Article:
The last big change to your schedule is when you start to wean.
To do this, slowly work your way down the number of sessions per day.
Why slowly? To try to avoid any issues associated with not removing milk from your breast effectively, such as milk statis, blocked ducts, inflammation or infection.
You may wean after your baby has fully transitioned to solids. If it happens before that, then you will need to supplement your reduced breast milk with donated milk or formula.
It is possible to re-start breast pumping even if you have weaned.
Sometimes you may stop feeding due to sickness, or you felt you or your baby was ready. Sometimes you have second thoughts about weaning.
To re-establish lactation, you may need some medication, and you will likely need to start back on a high number of pumping sessions per day.
Seek advice from your doctor and lactation consultant. There are doctors out there who are also IBCLC certified, who would offer excellent support for this.
Starting lactating when you haven’t been pregnant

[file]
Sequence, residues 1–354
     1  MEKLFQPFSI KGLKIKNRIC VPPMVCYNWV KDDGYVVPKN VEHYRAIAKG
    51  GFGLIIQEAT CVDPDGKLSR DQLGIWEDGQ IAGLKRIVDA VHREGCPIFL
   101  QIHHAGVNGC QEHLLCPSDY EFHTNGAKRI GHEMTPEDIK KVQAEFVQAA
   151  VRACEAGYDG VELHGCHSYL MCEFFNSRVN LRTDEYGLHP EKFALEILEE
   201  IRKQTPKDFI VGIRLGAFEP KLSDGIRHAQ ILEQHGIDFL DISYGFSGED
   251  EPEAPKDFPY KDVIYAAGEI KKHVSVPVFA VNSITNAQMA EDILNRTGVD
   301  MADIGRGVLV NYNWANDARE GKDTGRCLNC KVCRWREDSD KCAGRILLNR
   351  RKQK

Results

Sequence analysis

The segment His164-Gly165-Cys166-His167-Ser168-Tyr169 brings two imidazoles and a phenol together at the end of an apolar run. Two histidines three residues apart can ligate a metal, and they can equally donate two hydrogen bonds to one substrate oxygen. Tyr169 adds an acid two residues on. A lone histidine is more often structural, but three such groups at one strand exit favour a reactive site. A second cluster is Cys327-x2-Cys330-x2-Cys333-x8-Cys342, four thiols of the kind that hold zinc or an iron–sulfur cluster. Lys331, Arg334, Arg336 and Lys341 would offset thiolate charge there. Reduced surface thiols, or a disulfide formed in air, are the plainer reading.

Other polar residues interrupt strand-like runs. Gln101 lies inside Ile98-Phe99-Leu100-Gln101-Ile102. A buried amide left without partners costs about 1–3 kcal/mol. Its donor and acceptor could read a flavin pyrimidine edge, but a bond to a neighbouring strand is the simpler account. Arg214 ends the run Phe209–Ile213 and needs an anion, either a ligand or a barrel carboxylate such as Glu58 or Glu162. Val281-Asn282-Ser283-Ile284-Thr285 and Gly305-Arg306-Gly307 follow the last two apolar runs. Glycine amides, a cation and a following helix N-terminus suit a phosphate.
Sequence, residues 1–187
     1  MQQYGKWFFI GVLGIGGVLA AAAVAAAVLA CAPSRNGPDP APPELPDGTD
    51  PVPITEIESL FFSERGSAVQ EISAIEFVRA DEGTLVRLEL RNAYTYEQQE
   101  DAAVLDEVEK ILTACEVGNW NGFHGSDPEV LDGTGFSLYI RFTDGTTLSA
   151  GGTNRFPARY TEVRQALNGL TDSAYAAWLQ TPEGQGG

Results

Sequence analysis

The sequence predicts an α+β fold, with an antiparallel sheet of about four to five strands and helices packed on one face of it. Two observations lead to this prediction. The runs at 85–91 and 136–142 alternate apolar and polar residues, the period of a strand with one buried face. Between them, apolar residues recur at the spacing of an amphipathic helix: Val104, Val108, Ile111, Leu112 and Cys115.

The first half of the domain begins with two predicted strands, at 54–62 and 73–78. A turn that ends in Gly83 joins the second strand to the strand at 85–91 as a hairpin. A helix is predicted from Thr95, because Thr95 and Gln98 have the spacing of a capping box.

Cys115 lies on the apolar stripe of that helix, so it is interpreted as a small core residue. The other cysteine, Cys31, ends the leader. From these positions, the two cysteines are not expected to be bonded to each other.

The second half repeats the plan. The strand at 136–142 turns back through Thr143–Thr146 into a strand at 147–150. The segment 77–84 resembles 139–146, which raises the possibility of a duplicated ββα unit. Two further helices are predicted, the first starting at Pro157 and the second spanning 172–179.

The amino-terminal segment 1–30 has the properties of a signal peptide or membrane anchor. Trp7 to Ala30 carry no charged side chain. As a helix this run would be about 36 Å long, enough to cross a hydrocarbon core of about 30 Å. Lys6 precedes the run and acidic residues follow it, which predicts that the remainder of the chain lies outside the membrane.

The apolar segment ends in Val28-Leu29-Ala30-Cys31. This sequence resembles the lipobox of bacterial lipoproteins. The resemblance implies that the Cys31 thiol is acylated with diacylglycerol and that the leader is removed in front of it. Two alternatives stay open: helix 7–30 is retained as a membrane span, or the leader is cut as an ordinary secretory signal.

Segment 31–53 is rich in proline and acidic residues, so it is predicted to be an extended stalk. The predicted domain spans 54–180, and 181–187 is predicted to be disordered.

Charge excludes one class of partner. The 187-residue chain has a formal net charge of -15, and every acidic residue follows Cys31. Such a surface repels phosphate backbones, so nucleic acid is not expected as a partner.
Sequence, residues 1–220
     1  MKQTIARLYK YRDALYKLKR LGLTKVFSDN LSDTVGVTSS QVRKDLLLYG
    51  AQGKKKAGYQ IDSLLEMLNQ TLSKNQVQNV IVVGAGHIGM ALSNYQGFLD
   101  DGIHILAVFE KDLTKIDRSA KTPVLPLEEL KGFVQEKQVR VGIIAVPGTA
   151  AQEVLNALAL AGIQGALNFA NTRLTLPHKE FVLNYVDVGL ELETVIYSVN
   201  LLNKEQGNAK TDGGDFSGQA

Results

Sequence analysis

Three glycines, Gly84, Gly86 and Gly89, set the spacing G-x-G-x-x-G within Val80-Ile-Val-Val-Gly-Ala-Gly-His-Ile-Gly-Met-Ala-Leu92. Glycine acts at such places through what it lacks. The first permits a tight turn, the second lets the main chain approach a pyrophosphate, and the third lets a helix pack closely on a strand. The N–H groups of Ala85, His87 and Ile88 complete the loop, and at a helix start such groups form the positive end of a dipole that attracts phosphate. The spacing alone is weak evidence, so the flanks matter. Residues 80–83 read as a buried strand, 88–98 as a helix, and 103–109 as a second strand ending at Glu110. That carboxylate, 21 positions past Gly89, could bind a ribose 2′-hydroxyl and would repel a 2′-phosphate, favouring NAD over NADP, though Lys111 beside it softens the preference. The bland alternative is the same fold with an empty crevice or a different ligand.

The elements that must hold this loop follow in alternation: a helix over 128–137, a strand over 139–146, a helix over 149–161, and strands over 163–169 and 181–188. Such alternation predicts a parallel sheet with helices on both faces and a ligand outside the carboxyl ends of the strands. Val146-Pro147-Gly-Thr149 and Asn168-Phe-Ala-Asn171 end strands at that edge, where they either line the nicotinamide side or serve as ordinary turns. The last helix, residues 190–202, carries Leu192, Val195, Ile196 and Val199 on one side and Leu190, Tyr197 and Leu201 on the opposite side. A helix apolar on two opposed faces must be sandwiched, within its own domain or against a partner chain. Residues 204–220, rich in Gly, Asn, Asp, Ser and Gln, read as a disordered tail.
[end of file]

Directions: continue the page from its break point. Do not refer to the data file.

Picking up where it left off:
Rather wonderfully, it isn’t necessary to be the gestational mother to your baby to breastfeed.
There are some incredible case studies of people who have successfully induced lactation. In 1999, a woman and her doctor developed a protocol for establishing milk supply in preparation for her son who was born via surrogacy. Their protocol involves taking medication from six months before the baby arrives and starting to pump six weeks before the baby arrives. The pump schedule is three-hourly for 5 to 7 minutes per side, and continues after the baby arrives. They do have an accelerated protocol.
Since it involves a few types of medication, seek advice and support from your doctor and lactation consultant. There are doctors out there who are also IBCLC certified, who would offer excellent support for this.
Increasing supply or power pumping
You may be turning to your pump to try to increase your supply.
As you know, your body should create more milk when you remove more milk.
To remove more milk you need to either:
- increase the number of sessions you pump
- increase the time you pump each session
- make your sessions more effective at removing milk
There are studies that show that more frequent nursing (10x per day) resulted in more weight gain for babies at Day 15, than less frequent nursing (7x per day), even though the total time nursing was the same (137-138 minutes). So it may be that you choose to increase the number of sessions if you can, rather than just increase the time you pump. Again, we don't know if this translates to pumping, as opposed to nursing, so we are stuck with trial and error!